Contemplation in a World of Action

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University of Notre Dame Press, 1998 - Religion - 266 pages
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The spiritual and psychological insights of these essays were nurtured in a monastic milieu, but their issues are universally human. Thomas Merton lays a foundation for personal growth, and transformation through fidelity to "our own truth and inner being". Merton's main focus is our desire and need to attain "a fully human and personal identity".This classic appears in a newly restored and corrected edition and is the inaugural volume of Gethsemani Studies, a series of books that explores, through the twin perspectives of psychology and religion, the dynamics and depths of being fully human.

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Review: Contemplation in a World of Action

User Review  - Chris - Goodreads

I took this book with me when I stayed in the Trappest monestary my senior year. As always, Merton is a beautiful, thought-provoking essayist. Read full review


ONE Renewal of Life in the Monastic Milieu I Problems and Prospects
Vocation and Modern Thought
The Identity Crisis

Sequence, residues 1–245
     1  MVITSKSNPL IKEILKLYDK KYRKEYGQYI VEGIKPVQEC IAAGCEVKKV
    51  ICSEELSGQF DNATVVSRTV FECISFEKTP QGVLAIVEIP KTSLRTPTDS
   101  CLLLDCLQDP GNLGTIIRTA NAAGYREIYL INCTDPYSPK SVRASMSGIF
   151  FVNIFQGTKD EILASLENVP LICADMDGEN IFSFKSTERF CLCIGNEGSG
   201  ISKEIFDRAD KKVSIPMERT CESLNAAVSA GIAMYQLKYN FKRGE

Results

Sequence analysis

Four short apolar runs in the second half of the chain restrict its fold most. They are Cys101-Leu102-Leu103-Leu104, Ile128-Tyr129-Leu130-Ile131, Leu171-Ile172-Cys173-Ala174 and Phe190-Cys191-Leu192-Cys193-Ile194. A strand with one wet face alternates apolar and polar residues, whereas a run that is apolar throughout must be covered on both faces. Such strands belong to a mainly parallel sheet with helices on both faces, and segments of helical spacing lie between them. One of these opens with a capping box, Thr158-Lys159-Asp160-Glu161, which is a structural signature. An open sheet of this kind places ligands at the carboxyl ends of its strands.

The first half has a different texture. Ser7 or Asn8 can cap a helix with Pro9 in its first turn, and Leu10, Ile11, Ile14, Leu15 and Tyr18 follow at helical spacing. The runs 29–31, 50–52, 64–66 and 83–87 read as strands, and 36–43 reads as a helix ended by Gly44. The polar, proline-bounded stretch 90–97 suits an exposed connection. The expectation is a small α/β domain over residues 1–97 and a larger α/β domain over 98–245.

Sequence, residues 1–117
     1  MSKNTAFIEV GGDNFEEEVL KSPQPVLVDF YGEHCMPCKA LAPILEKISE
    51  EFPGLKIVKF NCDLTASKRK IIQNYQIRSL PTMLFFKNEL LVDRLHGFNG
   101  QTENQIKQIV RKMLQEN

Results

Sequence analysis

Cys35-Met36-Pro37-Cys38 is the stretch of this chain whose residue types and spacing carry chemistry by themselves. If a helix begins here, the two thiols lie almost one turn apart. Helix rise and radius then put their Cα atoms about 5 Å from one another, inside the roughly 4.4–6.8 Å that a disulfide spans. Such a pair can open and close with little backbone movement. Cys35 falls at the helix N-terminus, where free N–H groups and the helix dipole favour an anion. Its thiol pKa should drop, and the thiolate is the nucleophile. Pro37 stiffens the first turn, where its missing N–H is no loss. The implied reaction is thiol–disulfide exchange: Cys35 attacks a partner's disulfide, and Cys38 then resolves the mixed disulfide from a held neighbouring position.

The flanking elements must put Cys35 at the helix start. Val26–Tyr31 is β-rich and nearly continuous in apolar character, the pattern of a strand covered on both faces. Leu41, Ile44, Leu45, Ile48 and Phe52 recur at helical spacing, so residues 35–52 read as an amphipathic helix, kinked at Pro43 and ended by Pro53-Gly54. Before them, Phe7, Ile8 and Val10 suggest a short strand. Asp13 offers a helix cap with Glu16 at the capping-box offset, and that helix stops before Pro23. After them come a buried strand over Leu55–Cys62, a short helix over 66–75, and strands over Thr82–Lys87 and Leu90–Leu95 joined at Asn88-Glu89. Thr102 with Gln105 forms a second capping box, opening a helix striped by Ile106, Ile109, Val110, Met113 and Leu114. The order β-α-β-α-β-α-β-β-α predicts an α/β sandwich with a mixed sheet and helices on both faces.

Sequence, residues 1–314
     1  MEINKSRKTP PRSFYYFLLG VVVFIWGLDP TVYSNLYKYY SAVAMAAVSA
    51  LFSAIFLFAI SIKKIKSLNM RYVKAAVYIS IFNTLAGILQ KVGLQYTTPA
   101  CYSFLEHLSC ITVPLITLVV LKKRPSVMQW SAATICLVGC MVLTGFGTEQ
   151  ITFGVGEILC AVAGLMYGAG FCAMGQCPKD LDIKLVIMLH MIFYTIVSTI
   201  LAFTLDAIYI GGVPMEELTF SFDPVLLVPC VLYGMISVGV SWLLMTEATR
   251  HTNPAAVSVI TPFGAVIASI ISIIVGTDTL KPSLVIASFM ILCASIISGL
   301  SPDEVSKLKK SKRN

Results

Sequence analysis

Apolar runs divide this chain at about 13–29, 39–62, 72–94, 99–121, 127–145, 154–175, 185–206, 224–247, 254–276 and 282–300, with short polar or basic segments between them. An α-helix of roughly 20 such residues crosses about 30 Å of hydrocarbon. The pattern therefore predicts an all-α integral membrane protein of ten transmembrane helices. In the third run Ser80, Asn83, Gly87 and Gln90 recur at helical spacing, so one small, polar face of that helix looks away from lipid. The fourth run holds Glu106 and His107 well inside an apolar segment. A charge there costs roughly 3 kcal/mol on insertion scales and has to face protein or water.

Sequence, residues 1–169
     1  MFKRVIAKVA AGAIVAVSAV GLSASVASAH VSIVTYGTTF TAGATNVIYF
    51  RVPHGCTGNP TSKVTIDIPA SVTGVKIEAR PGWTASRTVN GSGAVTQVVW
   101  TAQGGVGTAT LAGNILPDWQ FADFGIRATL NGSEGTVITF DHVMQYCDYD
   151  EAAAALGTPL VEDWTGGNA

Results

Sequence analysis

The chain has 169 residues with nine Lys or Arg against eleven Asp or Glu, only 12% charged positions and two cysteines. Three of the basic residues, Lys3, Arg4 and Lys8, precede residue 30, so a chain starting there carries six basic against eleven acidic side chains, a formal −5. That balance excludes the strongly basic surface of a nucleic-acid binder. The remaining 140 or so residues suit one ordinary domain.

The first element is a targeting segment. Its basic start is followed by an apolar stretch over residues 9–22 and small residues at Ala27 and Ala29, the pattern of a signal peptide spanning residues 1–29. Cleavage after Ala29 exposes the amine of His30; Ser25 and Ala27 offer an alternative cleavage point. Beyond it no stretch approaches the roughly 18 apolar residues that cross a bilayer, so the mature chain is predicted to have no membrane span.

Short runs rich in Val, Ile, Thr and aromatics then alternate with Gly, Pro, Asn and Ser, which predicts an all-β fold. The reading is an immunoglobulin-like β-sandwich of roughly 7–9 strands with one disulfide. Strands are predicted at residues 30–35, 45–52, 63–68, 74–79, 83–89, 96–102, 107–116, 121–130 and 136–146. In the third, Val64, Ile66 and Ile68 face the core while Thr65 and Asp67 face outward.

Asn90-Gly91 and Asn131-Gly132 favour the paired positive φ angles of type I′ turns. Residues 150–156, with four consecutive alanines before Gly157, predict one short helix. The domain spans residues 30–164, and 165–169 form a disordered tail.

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About the author (1998)

Born in France, Thomas Merton was the son of an American artist and poet and her New Zealander husband, a painter. Merton lost both parents before he had finished high school, and his younger brother was killed in World War II. Something of the ephemeral character of human endeavor marked all his works, deepening the pathos of his writings and drawing him close to Eastern, especially Buddhist, forms of monasticism. After an initial education in the United States, France, and England, he completed his undergraduate degree at Columbia University. His parents, nominally friends, had given him little religious guidance, and in 1938, he converted to Roman Catholicism. The following year he received an M.A. from Columbia University and in 1941, he entered Gethsemani Abbey in Kentucky, where he remained until a short time before his death. His working life was spent as a Trappist monk. At Gethsemani, he wrote his famous autobiography, "The Seven Storey Mountain" (1948); there he labored and prayed through the days and years of a constant regimen that began with daily prayer at 2:00 a.m. As his contemplative life developed, he still maintained contact with the outside world, his many books and articles increasing steadily as the years went by. Reading them, it is hard to think of him as only a "guilty bystander," to use the title of one of his many collections of essays. He was vehement in his opposition to the Vietnam War, to the nuclear arms race, to racial oppression. Having received permission to leave his monastery, he went on a journey to confer with mystics of the Hindu and Buddhist traditions. He was accidentally electrocuted in a hotel in Bangkok, Thailand, on December 10, 1968.

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